Decades later, postwar America proved the perfect setting for the rise of burgers. “When wartime rationing ended,” Newman writes, “a newly prosperous and increasingly suburban nation raised a simple beef preparation, the hamburger, to iconic status.”
The American beef industry, born as a solution for the post–World War I grain gluts and buoyed by the government grain subsidies that have persisted ever since, has made beef widely available and cheap. Today, “on average, Americans eat three burgers a week.”
This dietary shift to eating lots of meat is part of a larger trend—abandoning staple foods and embracing industrially farmed and processed foods—that well-known nutrition researcher Barry Popkin has called the “nutrition transition.” And this dietary transition, as Wilson notes in The Way We Eat Now, is linked to sociopolitical changes, as well: the shift from manual labor to industrialization, the expansion of cities, and more sedentary lifestyles.
All these changes manifest in human populations as the decline of deficiency diseases and the rise of diet-related chronic disease. In the West, the transition began in the decades after World War II.
During the Cold War, the United States became obsessed with food production as a weapon in the war against communism. Consequently, the United States doubled down on policies to encourage abundant excess, such as subsidies for farmers based on sheer quantity—rather than, say, quality—of food produced. These domestic policies—as well as the spread of high-yield crops and expensive technologies (such as synthetic-chemical fertilizer and pesticides) to the global South since the 1950s—resulted in “the greatest expansion of agriculture the world has ever seen.” Today, the nutrition transition is happening around the globe—and quickly.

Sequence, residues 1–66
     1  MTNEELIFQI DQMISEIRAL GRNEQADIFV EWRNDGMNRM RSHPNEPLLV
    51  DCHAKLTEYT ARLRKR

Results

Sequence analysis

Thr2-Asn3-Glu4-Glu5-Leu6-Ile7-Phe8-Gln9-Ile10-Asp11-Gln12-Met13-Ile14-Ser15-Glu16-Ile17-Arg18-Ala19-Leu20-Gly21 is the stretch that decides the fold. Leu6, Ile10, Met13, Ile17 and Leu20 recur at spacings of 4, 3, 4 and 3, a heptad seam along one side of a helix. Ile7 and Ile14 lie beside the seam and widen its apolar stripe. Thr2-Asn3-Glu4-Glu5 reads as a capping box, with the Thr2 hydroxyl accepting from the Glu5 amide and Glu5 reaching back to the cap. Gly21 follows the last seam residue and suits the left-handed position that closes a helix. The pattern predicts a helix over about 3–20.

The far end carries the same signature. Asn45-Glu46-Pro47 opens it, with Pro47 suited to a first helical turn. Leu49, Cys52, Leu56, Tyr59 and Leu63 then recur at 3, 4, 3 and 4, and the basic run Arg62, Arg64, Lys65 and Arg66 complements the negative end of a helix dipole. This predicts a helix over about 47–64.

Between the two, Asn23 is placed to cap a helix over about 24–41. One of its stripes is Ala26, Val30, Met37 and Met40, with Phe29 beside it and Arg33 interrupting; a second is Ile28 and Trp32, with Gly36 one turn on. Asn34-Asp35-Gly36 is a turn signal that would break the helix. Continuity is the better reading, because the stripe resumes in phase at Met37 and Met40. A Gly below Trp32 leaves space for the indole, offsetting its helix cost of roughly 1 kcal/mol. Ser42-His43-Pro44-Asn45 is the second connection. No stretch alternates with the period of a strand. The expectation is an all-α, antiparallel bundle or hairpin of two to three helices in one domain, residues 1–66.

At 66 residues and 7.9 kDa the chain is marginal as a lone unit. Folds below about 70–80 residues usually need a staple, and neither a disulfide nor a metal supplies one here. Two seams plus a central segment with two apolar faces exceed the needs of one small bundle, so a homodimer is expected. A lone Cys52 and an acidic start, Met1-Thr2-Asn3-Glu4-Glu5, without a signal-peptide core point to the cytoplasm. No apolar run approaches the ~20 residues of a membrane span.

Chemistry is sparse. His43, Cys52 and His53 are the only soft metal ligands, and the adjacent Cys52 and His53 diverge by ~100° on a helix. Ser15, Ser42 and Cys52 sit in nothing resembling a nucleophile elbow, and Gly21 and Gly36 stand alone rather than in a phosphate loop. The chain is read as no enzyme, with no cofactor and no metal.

This is no accident. All that excess from “quantity over all else” global agriculture had to go somewhere.
It wasn’t just grain (soy, too, for example), and the sacrifice wasn’t just the quality of the food, but entire local economies that previously had not been based on monocultures.
The taste of beef—be it raised on a sprawling industrial feedlot, or designed in an Impossible™ lab—is the much-craved taste of consumption-driven development under capitalism.
And the glut—just like after World War I—was fed to animals, fueling a growing global meat industry. (The excess grain was also dumped into developing countries as “aid,” undercutting local farmers and economies, and it was made profitable when transformed into highly processed snack foods.) It is hard to overemphasize the power and dominance that multinational food companies accrued in this process. Laments Wilson: “It was these companies, more than the farmers themselves, who profited from the overproduction of subsidized crops in the West.”
The nutrition transition is not just about changes at the level of supply. Wilson writes that “it has also altered our personal hungers, so that we become people who—to a bizarre extent—gravitate toward the same foods … The recent global homogenization of taste is unprecedented.” When it comes to meat, rising incomes bolster this global homogenization. Citing a study that shows that for each $1,000 increase in annual income, meat consumption goes up by 2.6 pounds per person in Asian countries. Wilson states: “There’s a direct correlation between bigger incomes and eating more meat.”
Historian Julie Livingston puts this another way, in Self-Devouring Growth: A Planetary Parable as Told from Southern Africa, a critique of consumption-driven growth under capitalism, when she writes: